Demon Palace Babylon: Book Review

This time I’m following up on the direct sequel to Demon City Shinjuku, and the second half of the relevant omnibus.

Continue reading “Demon Palace Babylon: Book Review”

The Epic Crush of Genie Lo: Book Review

There are some YA novels that I have read that feel like I’m reading an anime. This is, in part, because some of the light novels that have been adapted to anime were aimed for YA audiences. The Epic Crush of Genie Lo is an YA novel that definitely fits that concept, though one with some very different and unique narrative hooks because of the point of view character and setting that make it really worth your while (and makes me wish it would get turned into an animated series).

Continue reading “The Epic Crush of Genie Lo: Book Review”

The Elder Scrolls: The Official Cookbook: Book Review

I like cookbooks. They are the fusion of my love for cooking and food, and my background in technical writing. I also love fantasy fiction & roleplaying games, with The Elder Scrolls series in particular. So, when I first played Skyrim and found there was cooking in the game, one of my first thoughts was “Man, an Elder Scrolls cookbook would be neat!” So, when one finally came out, I knew that I needed to check it out. Much as with the second Von Bek novel, I should have been looking at the Monkey’s Paw.

Continue reading “The Elder Scrolls: The Official Cookbook: Book Review”

The Warhound and the World’s Pain: Book Review

Michael Moorcock’s Eternal Champion series is interesting to discuss. Some stories have direct analogies to and inversions of Robert E. Howard’s work, like Elric. Others, like Hawkmoon, go in radically different directions. The first Von Bek novel probably falls more into the former camp – feeling like something of an inversion of Solomon Kaine, in multiple respects.

Continue reading “The Warhound and the World’s Pain: Book Review”

Doctor Who: Cat’s Cradle – Time’s Crucible Book Review

Virgin Books’ Doctor Who: New Adventures series was, back in the day, meant to provide fans of Doctor Who the thing they wanted after the show was put on indefinite hiatus after the serial Survival. Time’s Crucible is the 6th book in the series, part of a pair of thematically linked stories under the heading of “Cat’s Cradle”.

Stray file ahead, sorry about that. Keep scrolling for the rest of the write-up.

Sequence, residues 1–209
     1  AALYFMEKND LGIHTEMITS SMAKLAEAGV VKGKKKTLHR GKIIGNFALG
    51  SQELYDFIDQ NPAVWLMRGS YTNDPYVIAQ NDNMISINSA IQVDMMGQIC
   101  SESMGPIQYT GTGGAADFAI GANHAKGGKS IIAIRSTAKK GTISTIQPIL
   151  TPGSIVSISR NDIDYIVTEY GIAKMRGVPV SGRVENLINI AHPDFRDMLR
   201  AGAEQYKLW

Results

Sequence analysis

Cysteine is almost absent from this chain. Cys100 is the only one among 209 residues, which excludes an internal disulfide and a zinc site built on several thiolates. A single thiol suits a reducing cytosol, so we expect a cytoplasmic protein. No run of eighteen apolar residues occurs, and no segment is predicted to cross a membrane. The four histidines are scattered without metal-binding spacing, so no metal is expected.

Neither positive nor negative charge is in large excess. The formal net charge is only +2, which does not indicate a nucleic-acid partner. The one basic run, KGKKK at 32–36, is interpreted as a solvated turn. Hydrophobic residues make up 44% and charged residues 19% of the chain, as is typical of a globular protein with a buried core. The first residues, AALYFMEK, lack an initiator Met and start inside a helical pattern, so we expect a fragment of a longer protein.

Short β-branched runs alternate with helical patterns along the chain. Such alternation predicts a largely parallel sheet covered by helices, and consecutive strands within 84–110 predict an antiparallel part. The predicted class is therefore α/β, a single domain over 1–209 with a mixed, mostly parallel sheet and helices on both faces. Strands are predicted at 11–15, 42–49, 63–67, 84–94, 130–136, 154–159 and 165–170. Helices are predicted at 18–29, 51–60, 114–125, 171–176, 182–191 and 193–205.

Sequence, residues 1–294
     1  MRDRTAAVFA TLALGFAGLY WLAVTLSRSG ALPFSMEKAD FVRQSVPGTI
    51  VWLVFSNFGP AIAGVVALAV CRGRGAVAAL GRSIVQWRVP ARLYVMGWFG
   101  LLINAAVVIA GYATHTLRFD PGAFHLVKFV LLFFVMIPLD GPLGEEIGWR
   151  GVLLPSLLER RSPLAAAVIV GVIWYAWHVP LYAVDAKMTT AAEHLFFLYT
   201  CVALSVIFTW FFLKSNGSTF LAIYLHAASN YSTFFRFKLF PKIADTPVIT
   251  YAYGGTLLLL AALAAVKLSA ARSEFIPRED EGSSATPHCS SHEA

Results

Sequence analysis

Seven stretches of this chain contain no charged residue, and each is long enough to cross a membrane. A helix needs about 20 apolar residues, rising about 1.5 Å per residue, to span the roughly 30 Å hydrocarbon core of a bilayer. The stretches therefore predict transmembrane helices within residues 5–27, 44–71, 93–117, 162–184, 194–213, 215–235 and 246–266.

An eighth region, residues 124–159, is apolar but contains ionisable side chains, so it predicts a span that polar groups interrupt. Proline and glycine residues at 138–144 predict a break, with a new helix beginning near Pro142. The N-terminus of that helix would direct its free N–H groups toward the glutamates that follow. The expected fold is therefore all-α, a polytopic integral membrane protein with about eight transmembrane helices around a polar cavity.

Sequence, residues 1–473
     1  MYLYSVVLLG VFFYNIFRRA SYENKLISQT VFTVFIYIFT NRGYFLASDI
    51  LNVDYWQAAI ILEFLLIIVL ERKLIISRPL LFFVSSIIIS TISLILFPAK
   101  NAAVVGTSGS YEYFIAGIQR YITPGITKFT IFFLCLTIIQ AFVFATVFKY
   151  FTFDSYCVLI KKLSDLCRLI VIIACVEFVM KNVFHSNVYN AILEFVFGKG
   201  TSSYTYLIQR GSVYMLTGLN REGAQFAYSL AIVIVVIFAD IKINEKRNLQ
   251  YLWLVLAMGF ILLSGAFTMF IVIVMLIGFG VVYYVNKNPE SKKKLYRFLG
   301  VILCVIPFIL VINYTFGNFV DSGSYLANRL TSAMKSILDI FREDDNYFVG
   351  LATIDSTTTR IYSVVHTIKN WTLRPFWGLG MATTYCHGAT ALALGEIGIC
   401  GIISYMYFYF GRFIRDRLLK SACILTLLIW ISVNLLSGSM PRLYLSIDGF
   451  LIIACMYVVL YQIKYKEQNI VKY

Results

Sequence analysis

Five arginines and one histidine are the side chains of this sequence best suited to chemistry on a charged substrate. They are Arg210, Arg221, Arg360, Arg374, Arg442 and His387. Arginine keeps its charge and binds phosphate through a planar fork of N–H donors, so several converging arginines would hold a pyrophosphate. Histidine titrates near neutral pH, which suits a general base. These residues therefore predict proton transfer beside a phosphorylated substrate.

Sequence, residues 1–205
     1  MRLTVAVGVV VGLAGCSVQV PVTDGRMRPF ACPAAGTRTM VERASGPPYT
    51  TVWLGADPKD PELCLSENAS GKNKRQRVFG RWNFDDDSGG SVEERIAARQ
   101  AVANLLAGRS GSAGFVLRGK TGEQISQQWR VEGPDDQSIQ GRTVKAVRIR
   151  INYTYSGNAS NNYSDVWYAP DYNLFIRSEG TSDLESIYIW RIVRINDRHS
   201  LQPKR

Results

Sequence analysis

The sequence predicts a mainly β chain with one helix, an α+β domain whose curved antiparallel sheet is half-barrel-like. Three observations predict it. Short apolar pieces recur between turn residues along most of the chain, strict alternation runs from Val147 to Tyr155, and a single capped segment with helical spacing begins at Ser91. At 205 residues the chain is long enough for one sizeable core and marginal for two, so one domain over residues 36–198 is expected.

Continue reading “Doctor Who: Cat’s Cradle – Time’s Crucible Book Review”

Dragons of Winter Night: Book Review

Dragons of Winter Night, as a novel, runs into the problem of adapting what was we think of it into just a trilogy of books – a bunch of material has to be skipped over. We start off after the retrieval of the Hammer of Karass and the re-unification of Dwarven society (which would later be covered in Dragons of the Dwarven Depths), with that kind of setting the tone somewhat for how the show comes out.

Continue reading “Dragons of Winter Night: Book Review”
Excerpt from the art of The Electric State.

The Electric State: Book Review

The Electric State is very much a different book from Tales from the Loop and Things from the Flood. Those books had a retrospective narrative – the point of view for those books was from the viewpoint of someone looking back on events with a sense of nostalgia. The Electric State, on the other hand, has a more conventional narrative, while still having significant themes of memory, but definitely without the warmth of nostalgia.

Continue reading “The Electric State: Book Review”

The October Man: Book Review

The last book in the Peter Grant series of Urban Fantasy police procedurals wrapped up the end of the “Faceless Man” Arc, with the recurring antagonist of that series being taken down, while one of the members of Peter’s supporting cast who had turned to the Dark Side was now on the lam. In the wake of this, author Ben Aaronovitch has decided to, basically, explore a different chunk of this world with the novella The October Man, which moves the plot from the UK to Germany.

Continue reading “The October Man: Book Review”

Quag Keep: Book Review

If I was going to describe the modern “Isekai” genre in brief, I’d describe it as “Game-based another world fantasy.” It’s not just fantasy where a protagonist is whisked to another fantastic world from ours like with the John Carter of Mars novels, or on the anime front with El-Hazard and Magic Knight Rayearth. This is fantasy where the characters are explicitly in a world that draws inspiration to games from gaming – sometimes by drawing the characters or their psyches into an actual game (ala Sword Art Online or Log Horizon), or a world which uses the language of RPGs like with Konosuba or Grimgar: Ash and Illusions. I would argue that if not the first of these, then one of the first of this particular genre – and was done in the ’70s by a woman.

Continue reading “Quag Keep: Book Review”